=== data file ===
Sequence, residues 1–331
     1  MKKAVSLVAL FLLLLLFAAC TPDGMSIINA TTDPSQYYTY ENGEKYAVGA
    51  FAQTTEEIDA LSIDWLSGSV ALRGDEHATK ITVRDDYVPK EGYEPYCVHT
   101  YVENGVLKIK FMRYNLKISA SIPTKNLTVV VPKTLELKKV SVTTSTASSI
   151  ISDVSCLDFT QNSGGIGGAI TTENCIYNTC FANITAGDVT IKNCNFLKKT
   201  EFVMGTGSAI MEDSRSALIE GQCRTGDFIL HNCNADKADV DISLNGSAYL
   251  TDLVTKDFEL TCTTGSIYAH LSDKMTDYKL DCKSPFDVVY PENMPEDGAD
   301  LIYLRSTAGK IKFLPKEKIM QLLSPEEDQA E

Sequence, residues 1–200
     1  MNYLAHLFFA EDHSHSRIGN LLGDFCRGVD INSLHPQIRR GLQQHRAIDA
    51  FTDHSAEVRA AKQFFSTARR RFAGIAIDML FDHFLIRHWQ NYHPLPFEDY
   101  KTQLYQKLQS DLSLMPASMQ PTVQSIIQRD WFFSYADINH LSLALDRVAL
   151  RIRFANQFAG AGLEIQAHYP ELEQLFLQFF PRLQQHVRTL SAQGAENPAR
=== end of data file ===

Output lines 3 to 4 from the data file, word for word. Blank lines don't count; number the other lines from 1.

    51  FAQTTEEIDA LSIDWLSGSV ALRGDEHATK ITVRDDYVPK EGYEPYCVHT
   101  YVENGVLKIK FMRYNLKISA SIPTKNLTVV VPKTLELKKV SVTTSTASSI